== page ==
Ritter (verb, intransitive)

Today was a battle of wills. My younger son did not want to do something, and his mother and I did. We've been hemming and hawing over what to do about this for a while now. "He's holding on to his independence," she said, "in the only way he knows how." "He's being bloody-minded," I said, "and he needs to learn that we're serious." After a lot of argument, we agreed to try things my way.

So we spent the day, she and I and he, inside, butting heads, in as kind a way as we could manage. Our older son would wander through the room occasionally, curious about what we were doing but bored, bored out of his skull. We were all inside on a beautiful day, inside at two when we're usually out and about by nine.

We made it, but it was not victory; far from it. Our son was stubborn and tearful, just as Clara had predicted. I had an uneasy, growing sense that I'd been overconfident, but didn't know how to say so. So I declared victory early to save face, to keep the progress we'd made, and my wife did her best to explain it to our son: that we wanted him to improve; that we'd made a mistake, and would not do it this way again; that we did not know what we were doing, and that all we had on our side was good intentions.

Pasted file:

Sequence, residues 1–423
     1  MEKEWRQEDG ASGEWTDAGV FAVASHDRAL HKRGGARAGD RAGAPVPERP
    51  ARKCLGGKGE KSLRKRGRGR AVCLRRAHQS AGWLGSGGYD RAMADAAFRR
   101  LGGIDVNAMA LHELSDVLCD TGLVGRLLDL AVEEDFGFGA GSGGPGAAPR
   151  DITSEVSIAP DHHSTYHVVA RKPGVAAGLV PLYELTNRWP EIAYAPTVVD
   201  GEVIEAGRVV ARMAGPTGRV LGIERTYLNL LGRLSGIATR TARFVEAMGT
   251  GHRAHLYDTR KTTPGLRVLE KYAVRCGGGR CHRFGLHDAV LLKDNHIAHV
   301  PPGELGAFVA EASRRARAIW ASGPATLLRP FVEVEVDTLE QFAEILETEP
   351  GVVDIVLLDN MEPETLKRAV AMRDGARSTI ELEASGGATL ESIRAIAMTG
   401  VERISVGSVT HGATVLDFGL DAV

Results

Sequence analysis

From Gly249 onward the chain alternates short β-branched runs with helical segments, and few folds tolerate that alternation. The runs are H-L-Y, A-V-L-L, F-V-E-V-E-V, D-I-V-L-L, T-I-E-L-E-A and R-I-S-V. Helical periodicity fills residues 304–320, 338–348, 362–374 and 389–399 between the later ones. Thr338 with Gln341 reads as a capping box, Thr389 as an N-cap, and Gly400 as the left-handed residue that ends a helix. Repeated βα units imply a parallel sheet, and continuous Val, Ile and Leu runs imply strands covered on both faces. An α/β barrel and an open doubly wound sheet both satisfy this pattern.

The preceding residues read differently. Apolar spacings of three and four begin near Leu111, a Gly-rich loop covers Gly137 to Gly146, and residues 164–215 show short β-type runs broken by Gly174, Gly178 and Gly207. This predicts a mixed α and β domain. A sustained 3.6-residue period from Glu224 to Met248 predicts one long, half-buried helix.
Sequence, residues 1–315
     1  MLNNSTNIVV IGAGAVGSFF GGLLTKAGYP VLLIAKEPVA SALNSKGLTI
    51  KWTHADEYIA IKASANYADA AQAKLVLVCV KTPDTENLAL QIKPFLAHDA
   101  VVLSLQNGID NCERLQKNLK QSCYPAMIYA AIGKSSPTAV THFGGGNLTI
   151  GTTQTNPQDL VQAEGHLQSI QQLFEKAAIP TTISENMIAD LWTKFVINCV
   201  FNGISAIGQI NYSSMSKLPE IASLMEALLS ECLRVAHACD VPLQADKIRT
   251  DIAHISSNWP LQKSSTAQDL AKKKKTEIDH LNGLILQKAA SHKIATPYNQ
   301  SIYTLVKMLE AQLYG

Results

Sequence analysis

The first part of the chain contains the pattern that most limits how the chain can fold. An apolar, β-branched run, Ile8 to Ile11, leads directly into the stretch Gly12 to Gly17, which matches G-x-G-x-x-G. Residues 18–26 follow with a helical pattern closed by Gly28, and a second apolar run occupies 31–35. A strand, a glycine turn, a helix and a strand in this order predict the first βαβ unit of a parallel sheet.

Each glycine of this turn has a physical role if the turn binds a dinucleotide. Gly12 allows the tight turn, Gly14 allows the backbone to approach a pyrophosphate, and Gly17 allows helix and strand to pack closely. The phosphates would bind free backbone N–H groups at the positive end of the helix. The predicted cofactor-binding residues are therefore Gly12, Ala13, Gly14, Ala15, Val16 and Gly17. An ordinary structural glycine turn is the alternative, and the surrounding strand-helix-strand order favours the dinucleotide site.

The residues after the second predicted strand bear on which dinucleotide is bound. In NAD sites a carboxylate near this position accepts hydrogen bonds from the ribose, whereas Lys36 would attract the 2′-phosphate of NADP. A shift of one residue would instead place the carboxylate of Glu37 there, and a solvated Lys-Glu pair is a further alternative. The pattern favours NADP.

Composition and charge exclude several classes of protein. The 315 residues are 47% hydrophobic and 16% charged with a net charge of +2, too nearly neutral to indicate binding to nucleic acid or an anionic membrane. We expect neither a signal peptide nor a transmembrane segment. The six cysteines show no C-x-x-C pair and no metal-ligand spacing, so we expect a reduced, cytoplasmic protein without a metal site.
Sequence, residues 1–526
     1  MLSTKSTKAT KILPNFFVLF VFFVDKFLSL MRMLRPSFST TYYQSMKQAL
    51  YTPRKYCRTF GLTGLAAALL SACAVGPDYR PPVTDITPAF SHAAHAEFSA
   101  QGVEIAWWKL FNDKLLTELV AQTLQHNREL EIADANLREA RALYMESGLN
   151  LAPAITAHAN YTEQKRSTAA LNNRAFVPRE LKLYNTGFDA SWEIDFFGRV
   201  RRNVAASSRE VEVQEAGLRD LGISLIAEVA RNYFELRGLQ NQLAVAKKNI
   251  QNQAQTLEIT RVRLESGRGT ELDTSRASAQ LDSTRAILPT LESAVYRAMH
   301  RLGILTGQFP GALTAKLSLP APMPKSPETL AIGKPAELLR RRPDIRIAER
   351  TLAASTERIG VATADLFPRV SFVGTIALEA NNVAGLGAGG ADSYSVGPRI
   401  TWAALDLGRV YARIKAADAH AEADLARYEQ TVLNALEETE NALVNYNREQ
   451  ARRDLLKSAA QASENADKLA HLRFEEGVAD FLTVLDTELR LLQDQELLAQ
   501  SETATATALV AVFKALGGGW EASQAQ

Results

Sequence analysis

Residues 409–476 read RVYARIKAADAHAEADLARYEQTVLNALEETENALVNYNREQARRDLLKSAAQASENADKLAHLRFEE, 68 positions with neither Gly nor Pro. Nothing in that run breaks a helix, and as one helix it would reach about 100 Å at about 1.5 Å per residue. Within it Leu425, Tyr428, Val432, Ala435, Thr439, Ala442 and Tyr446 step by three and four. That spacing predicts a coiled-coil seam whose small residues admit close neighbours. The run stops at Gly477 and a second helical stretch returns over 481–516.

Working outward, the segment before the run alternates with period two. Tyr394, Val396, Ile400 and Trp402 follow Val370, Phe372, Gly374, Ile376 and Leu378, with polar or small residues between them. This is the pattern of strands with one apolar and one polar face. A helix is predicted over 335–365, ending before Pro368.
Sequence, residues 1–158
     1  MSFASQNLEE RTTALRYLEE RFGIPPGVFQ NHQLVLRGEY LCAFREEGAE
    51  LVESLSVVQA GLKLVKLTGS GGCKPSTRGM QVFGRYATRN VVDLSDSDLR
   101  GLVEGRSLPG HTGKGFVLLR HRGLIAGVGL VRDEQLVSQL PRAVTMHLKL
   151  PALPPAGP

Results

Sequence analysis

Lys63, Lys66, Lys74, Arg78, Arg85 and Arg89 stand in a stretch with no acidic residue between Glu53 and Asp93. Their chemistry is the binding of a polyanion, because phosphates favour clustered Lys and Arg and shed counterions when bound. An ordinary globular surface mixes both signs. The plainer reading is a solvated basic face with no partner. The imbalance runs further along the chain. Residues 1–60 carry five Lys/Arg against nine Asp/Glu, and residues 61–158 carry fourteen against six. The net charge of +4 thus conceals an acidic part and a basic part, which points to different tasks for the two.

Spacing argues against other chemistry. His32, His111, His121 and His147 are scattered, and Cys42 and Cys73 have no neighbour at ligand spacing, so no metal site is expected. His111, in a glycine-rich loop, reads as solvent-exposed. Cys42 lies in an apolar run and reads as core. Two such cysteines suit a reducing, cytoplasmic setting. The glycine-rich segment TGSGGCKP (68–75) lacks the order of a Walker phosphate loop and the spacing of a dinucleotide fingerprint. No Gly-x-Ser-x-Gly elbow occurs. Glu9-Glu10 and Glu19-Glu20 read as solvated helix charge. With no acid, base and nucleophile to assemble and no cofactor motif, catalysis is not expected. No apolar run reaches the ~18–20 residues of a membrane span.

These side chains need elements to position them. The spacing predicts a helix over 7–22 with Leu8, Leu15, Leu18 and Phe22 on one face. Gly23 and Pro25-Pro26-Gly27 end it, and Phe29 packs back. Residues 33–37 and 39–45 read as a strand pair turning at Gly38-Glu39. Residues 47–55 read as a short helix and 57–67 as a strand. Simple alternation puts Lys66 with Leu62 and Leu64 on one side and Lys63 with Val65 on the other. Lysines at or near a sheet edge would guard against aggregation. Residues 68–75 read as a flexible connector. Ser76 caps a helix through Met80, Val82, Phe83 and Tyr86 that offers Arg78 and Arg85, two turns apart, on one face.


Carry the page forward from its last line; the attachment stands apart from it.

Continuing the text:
We went out for ice cream, a reward for staying home all day. The kids loved it, and I think the adults enjoyed it as well. We went to a park and wondered at how they could run around enjoying it so much after being bored or dunned all day. We came home, had supper, watched TV. I took my older son to karate class; he went in barefoot but walking there and back he wore flip-flops. He doesn't often wear them, and he was constantly stumbling and then recovering with a shocking grace, like John Ritter being caught by paramedics. We put them to bed then sat on the patio, drinking a beer, shaking our heads at our luck: our children's patience and forbearing, and our privilege to screw up and still make out.